Coordinating for Cohesion in the Public Sector of the Future

ECPR Joint Sessions 2012

ECPR Joint Sessions 2012 at the University of Antwerp

Citizens and Public Service Performance: Demands, Responses and Changing Service Delivery Mechanisms

Oliver James (University of Exeter)
Steven Van de Walle (Erasmus University Rotterdam)

Workshop Summary

The workshop discussion focused on he relationship between citizens’ attitudes and behaviour and the performance of public services. A focus was choice in use of market based provision, use of non-state actors, and of coproduced services. These forms operate alongside or as an alternative to traditional state, bureaucratic or professionalised modes of delivery. Papers examined: the effects of public services on citizens, and especially the role of feedback through citizen pressure on political and managerial service providers on subsequent performance; moves to increase choice and voice about services; satisfaction with services including its meaning and definition, citizen cooperation; citizen choice (and exit) facilitated by market and related methods and how they interact with political voice activity; trade-offs between voice and choice behaviour; personalisation of provision, citizenship and the consumer-citizen model; institutional design for shaping the relationship between citizens and public services.

The workshop contained papers that addressed the questions through theoretical and empirical contributions. Most papers evaluated the empirical implications of theories through clear research designs using quantitative or qualitative methods. Research focused on jurisdictions in several European countries, and included comparative papers. A range of public services were addressed including health, education and welfare. Trends, notably towards reforming political systems for oversight of public services and marketisation, were found to been uneven and structures for public service provision, and discussion of these issues in political systems, remain varied.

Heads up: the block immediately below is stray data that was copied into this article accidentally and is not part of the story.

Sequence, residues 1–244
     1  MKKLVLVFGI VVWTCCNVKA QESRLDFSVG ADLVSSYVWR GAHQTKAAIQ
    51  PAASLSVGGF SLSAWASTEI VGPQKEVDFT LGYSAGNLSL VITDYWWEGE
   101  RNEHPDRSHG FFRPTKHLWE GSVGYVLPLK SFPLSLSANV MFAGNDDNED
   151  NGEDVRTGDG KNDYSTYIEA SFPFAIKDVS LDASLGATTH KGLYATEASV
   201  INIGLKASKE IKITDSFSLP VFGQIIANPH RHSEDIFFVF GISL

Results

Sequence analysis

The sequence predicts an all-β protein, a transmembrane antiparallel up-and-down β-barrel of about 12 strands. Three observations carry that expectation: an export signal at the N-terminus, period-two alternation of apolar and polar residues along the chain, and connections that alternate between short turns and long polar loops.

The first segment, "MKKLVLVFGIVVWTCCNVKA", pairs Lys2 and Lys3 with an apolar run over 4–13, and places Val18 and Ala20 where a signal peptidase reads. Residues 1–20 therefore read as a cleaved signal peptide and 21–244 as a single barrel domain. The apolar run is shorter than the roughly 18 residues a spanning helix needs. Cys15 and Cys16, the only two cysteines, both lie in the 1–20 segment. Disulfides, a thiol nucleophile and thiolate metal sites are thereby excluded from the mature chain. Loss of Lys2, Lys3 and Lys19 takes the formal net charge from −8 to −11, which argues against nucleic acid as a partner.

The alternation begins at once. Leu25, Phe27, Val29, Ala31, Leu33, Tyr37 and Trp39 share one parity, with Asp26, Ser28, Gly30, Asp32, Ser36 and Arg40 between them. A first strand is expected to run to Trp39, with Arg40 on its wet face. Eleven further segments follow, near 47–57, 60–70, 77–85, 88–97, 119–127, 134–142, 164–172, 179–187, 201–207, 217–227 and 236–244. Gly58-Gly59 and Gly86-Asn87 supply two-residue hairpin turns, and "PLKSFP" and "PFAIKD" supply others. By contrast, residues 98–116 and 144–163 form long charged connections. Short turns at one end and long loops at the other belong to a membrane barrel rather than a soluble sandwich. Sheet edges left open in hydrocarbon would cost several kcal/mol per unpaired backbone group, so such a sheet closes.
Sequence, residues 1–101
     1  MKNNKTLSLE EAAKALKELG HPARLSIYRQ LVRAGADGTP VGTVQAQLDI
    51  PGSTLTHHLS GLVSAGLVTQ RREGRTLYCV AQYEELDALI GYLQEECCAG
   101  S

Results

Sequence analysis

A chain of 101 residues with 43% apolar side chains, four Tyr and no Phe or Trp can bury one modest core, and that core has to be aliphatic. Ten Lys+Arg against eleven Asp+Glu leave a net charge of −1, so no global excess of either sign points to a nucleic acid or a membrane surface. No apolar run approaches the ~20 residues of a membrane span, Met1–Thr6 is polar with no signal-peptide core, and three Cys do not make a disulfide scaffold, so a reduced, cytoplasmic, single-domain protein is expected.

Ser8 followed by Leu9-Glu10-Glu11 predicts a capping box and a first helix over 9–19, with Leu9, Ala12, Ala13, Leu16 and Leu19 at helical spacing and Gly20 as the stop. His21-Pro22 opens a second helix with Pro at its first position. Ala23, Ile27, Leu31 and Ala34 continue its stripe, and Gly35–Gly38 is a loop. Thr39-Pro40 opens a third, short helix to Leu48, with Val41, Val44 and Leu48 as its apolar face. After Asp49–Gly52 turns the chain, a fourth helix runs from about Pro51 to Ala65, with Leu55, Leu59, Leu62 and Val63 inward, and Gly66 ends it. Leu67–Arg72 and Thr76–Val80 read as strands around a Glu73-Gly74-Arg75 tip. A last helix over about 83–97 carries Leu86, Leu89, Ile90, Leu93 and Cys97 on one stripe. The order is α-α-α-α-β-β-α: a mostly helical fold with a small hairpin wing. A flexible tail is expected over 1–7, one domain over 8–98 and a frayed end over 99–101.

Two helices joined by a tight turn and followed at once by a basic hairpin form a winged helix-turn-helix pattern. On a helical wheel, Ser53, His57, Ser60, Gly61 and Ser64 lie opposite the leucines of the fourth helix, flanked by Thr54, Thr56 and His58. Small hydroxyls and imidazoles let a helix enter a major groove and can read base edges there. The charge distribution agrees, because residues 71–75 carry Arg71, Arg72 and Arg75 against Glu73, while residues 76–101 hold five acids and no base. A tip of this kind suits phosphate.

List of papers

  • Oliver James & Alice Moseley (University of Exeter) – The Effects of Comparative and Absolute Performance Information on Citizens’ Attitudes and Behaviour
  • Steven Van de Walle (Erasmus University Rotterdam) & Sofie Marien (Leuven University)  – Choice in public services: A multilevel analysis of doctor choice in 23 countries
  • Gregg Van Ryzin (Rutgers University)  – Citizen expectations and government performance: Findings from a survey experiment
  • Carsten Herzberg (University of Potsdam) –  Public Utilities and the Challenge of Democratic Control
  • Catherine Needham (Queen Mary, University of London) – Personalisation of social care services in England: Individual, Group or Collective Co-production?
  • John Curtice (University of Strathclyde) & Oliver Heath (Royal Holloway) – Does Choice Deliver? Public Satisfaction with the Health Service
  • Sebastian Jilke  (Erasmus University Rotterdam) – Choice and equalit: A multilevel test of the relationship between market-oriented reforms and equality in citizens’ switching behaviour
  • Wouter van Dooren  & Hans Echelpoels (University of Antwerp) –  The Value Structure of Good Governance indicators: Product, Process or Regime?
  • Asmus Olsen (University of Copenhagen) – Regression discontinuity designs in public administration: The case of performance measurement research
  • Natalia Letki  (University of  Warsaw) – Generating political legitimacy through contact: institutions and citizen consent
  • Gary Bridge & Deborah Wilson  (University of Bristol) – School choice and social class: a comparison of rational choice and cultural reproduction theories
  • Morten Jakobsen  & Simon Calmar Andersen (Aarhus University) – Coproducing Educational Chances: Evidence from a Randomized Field Experiment
  • Anat Gofen  (Hebrew University of Jerusalem) – Citizens’ entrepreneurial role in service delivery
  • Michael Kenny (Queen Mary, University of London) – Understanding the role of political ideas in the establishment of new ‘policy paradigms’ – the case of ‘neo-liberalism’ and higher education in the UK
  • Stephen Greasley (University of East Anglia) – Political risk and procurement in English local government
  • Kaire Põder  (Tallinn University of Technology) – School choice in Estonia: Mechanism design approach
  • Paula Blomqvist (Uppsala University) – Choice, citizenship and social equality in welfare service provision: the Swedish Case
  • Ines Calzada, Eloisa Del Pino (Institute of Public Goods and Policies – Spanish National Research Council) & Jose M. Diaz-Pulido (Rey Juan Carlos University) – Causes and consequences of bureauphobia
  • Mio Frederiksson, Paula Blomqvist & Ulrika Winblad (Uppsala University) – The trade-off between choice and equity – Swedish policymakers’ arguments when introducing patient choice


This page has been modified on 24 April 2012